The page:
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“The Early Birds”

by Erin Hogan © 2013

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Coffee Shop in Fairyland (illustration and poem) by Erin Hogan

Coffee Shop in Fairyland (illustration and poem) by Erin Hogan

Coffee Shop In Fairyland

There’s a little cafe,
Nestled deep in the wood…
In Fairyland town centre,
Where the coffee is good.

The Gnomes are baristas.
With pointed green hats,
They make a bold latte,
from the milk of a rat.

Snail waiters bring orders,
with a swift-moving glide,
and balance the empties
on their shell and they slide.

The Brownies bake pastries,
and wee berry tarts.
Glazed with bee’s honey,
in the shape of a heart.

Toadstools and mushrooms,
line the old school ruler bar.
A cricket fiddles fae music,
next to his tiny tip jar.

The saucers are buttons
The mugs acorn caps
The plates are lost pennies,
Painted with oven-baked sap.

The teas are spiced herbs,
organic and blessed.
By old witches and wizards
and served with lime zest.

The snail foam is frothy…
Mouse milk mochas…the rage.
Tinged with dark cocoa
and a hint of dried sage.

The coffee shop welcomes
All wee folk and fae,
No shirt, or shoes needed…
Just as long as you pay.

The Sand Man sips hot coco,
The Goblins their brew,
A troll slurps his smoothie,
Made of green clovers and dew.

The Tooth Fairy is perched
on her usual spot,
Nymphs share a scone,
While Elves order a shot.

The vibe is so lively,
Filled with laughter and light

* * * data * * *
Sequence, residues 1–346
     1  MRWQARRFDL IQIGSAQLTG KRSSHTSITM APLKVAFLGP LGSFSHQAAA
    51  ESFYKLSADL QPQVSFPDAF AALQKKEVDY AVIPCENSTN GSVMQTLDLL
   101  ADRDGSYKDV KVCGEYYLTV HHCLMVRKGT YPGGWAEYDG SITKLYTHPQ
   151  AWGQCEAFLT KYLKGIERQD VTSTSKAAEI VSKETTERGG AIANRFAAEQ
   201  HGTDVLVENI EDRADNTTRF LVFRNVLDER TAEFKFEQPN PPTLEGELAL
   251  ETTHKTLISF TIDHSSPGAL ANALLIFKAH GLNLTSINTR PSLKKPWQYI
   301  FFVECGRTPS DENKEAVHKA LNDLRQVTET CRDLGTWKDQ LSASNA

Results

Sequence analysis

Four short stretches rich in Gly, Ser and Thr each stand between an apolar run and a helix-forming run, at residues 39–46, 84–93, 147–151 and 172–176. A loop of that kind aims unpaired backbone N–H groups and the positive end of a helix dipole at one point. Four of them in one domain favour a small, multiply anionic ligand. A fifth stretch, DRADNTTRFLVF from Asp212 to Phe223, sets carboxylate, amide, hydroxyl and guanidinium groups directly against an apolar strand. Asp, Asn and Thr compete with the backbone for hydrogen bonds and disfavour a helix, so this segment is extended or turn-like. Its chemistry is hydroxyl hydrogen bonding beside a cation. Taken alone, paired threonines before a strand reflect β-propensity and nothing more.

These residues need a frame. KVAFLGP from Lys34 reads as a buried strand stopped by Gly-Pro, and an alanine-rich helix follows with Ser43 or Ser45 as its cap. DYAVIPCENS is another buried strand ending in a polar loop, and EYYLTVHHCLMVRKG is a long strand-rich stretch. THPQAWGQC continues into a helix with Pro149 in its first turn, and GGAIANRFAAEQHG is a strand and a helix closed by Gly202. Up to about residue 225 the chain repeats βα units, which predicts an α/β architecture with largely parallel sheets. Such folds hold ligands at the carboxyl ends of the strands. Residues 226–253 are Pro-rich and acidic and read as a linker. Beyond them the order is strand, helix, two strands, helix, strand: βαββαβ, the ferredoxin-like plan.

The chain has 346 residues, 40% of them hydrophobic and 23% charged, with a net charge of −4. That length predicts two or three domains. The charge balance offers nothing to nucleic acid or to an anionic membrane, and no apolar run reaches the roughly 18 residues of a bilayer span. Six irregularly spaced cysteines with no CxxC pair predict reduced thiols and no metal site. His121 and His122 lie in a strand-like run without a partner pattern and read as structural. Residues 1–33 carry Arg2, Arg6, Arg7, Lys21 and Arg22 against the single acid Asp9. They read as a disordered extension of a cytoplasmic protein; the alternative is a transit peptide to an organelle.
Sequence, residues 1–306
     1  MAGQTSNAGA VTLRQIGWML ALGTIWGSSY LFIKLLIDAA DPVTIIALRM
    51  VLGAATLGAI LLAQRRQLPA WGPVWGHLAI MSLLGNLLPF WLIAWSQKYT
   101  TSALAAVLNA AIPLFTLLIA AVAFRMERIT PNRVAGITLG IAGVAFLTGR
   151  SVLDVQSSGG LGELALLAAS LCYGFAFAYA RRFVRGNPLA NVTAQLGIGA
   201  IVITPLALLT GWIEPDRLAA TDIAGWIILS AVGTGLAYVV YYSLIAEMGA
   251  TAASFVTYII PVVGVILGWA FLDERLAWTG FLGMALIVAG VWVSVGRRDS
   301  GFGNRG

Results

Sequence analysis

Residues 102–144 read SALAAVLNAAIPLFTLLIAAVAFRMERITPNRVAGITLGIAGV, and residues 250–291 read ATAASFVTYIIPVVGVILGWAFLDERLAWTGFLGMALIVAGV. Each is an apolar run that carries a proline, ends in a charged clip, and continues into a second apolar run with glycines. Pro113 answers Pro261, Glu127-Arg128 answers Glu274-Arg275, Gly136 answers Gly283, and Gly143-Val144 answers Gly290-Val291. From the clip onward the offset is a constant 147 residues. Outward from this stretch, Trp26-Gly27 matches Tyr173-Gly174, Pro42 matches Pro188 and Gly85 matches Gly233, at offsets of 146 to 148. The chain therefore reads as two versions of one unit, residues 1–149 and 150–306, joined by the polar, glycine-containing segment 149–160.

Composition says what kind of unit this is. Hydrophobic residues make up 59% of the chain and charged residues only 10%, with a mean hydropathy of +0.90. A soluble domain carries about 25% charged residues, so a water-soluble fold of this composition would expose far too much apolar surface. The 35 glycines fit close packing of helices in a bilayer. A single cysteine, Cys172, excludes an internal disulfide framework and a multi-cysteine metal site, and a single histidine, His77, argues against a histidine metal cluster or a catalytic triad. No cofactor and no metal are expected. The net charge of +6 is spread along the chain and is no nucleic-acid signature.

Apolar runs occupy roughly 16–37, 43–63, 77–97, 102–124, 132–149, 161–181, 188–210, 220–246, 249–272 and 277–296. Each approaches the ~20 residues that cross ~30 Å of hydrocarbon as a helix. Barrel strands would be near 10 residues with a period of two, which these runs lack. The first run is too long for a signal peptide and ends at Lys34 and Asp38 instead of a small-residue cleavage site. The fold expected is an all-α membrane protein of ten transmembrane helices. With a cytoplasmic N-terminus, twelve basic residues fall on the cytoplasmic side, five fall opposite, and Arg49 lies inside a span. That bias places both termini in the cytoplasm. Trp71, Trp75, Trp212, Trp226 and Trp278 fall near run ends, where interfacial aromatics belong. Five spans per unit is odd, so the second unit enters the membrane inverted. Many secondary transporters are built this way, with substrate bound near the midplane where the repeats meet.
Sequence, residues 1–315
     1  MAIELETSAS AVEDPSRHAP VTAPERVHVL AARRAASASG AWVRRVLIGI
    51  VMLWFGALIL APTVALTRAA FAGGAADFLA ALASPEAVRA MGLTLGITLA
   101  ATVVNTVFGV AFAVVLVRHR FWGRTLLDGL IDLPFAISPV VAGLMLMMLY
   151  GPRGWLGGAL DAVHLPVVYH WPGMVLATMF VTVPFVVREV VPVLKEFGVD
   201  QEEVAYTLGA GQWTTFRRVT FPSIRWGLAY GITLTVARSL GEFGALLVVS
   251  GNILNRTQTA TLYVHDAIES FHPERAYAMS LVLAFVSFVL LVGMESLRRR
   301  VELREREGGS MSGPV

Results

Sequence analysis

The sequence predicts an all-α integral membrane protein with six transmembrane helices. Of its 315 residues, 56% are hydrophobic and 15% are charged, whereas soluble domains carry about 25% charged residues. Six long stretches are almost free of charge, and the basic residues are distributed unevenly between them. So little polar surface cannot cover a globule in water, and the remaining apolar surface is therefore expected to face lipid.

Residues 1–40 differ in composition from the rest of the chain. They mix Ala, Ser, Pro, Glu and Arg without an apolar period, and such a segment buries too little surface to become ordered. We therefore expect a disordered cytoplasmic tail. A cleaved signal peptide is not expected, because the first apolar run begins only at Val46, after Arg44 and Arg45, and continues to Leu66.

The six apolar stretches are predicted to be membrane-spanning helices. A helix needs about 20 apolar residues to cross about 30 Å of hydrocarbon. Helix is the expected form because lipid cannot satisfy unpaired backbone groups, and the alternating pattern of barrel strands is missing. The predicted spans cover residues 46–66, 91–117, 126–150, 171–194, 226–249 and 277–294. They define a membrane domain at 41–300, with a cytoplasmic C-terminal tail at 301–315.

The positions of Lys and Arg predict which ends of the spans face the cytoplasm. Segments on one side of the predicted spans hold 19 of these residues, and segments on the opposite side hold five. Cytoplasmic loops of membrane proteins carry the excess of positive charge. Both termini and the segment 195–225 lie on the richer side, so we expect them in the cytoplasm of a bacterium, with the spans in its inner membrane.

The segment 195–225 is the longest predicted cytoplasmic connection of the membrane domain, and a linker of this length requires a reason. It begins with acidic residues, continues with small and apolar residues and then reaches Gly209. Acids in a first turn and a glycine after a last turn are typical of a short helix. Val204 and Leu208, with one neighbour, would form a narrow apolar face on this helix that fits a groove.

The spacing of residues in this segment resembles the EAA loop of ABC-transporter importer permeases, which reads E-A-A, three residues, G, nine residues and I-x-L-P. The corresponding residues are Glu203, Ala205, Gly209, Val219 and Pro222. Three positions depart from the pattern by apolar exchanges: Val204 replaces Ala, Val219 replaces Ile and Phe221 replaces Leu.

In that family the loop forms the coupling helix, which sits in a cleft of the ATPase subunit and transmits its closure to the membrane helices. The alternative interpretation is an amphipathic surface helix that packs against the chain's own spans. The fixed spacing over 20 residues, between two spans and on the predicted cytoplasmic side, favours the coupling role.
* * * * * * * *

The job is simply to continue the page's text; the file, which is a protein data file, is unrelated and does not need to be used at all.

The shop never closes,
It’s open all night!

If you ever smell java
while lost in the woods
It’s the Fairyland coffee shop,
Where the coffee is good.

Erin Hogan © 2013

Rip Van Winkle work-in-progress..

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I’ve been wanting to illustrate the legendary character, Rip Van Winkle, by Washington Irving, for many years.  I’ve always felt drawn to this free spirited man that wandered off into the woods, returning 20 years later after falling asleep from “magic potion.”
As with many legends and cautionary tales of fables; I often contemplate the underlying messages and ‘truth.’ How have the iconic characters in such tales shaped our reality today?  Was there really such a man?  Did he suffer from a sleep disorder, inspiring such a sensational tale?  Are the Catskills really home to unexplained “magic”, fae enchantments and ghosts?
My fascination with Rip Van Winkle and his story have captured my imagination.  I hope to portray a unique, get recognizable rendition of this famous sleeping man.